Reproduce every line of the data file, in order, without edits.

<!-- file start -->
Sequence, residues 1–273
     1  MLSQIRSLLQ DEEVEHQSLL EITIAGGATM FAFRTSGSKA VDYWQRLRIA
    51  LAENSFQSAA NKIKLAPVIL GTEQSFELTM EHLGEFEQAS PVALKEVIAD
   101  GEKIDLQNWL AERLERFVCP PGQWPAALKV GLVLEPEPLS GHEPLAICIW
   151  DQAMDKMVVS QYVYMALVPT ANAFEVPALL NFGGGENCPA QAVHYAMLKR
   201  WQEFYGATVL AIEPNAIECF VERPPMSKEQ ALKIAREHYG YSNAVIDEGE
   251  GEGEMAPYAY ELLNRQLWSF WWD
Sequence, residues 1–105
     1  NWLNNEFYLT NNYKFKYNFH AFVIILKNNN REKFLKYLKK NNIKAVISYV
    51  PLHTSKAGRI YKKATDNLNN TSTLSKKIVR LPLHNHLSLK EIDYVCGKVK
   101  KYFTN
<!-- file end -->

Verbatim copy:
Sequence, residues 1–273
     1  MLSQIRSLLQ DEEVEHQSLL EITIAGGATM FAFRTSGSKA VDYWQRLRIA
    51  LAENSFQSAA NKIKLAPVIL GTEQSFELTM EHLGEFEQAS PVALKEVIAD
   101  GEKIDLQNWL AERLERFVCP PGQWPAALKV GLVLEPEPLS GHEPLAICIW
   151  DQAMDKMVVS QYVYMALVPT ANAFEVPALL NFGGGENCPA QAVHYAMLKR
   201  WQEFYGATVL AIEPNAIECF VERPPMSKEQ ALKIAREHYG YSNAVIDEGE
   251  GEGEMAPYAY ELLNRQLWSF WWD
Sequence, residues 1–105
     1  NWLNNEFYLT NNYKFKYNFH AFVIILKNNN REKFLKYLKK NNIKAVISYV
    51  PLHTSKAGRI YKKATDNLNN TSTLSKKIVR LPLHNHLSLK EIDYVCGKVK
   101  KYFTN